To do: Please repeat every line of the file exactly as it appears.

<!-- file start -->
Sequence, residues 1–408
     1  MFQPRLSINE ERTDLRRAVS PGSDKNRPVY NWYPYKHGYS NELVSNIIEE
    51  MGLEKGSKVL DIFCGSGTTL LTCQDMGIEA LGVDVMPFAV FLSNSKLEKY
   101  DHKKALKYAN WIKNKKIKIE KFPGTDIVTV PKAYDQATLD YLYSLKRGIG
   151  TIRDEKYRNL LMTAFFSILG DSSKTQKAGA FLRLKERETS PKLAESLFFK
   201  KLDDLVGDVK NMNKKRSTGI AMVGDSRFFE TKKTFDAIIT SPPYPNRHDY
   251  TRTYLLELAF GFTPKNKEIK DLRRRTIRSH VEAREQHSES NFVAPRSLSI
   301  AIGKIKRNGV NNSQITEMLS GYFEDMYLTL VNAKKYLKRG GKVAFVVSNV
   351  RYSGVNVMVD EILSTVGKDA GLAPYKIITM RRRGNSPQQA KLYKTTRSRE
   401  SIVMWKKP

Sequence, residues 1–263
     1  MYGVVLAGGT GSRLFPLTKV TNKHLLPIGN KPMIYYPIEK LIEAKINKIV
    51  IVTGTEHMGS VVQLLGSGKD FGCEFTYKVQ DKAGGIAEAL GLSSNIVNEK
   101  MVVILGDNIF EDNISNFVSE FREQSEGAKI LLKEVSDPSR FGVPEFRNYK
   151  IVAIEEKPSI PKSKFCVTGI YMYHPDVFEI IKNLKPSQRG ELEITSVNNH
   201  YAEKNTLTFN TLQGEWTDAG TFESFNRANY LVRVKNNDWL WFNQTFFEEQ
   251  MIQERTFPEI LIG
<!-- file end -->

Sequence, residues 1–408
     1  MFQPRLSINE ERTDLRRAVS PGSDKNRPVY NWYPYKHGYS NELVSNIIEE
    51  MGLEKGSKVL DIFCGSGTTL LTCQDMGIEA LGVDVMPFAV FLSNSKLEKY
   101  DHKKALKYAN WIKNKKIKIE KFPGTDIVTV PKAYDQATLD YLYSLKRGIG
   151  TIRDEKYRNL LMTAFFSILG DSSKTQKAGA FLRLKERETS PKLAESLFFK
   201  KLDDLVGDVK NMNKKRSTGI AMVGDSRFFE TKKTFDAIIT SPPYPNRHDY
   251  TRTYLLELAF GFTPKNKEIK DLRRRTIRSH VEAREQHSES NFVAPRSLSI
   301  AIGKIKRNGV NNSQITEMLS GYFEDMYLTL VNAKKYLKRG GKVAFVVSNV
   351  RYSGVNVMVD EILSTVGKDA GLAPYKIITM RRRGNSPQQA KLYKTTRSRE
   401  SIVMWKKP

Sequence, residues 1–263
     1  MYGVVLAGGT GSRLFPLTKV TNKHLLPIGN KPMIYYPIEK LIEAKINKIV
    51  IVTGTEHMGS VVQLLGSGKD FGCEFTYKVQ DKAGGIAEAL GLSSNIVNEK
   101  MVVILGDNIF EDNISNFVSE FREQSEGAKI LLKEVSDPSR FGVPEFRNYK
   151  IVAIEEKPSI PKSKFCVTGI YMYHPDVFEI IKNLKPSQRG ELEITSVNNH
   201  YAEKNTLTFN TLQGEWTDAG TFESFNRANY LVRVKNNDWL WFNQTFFEEQ
   251  MIQERTFPEI LIG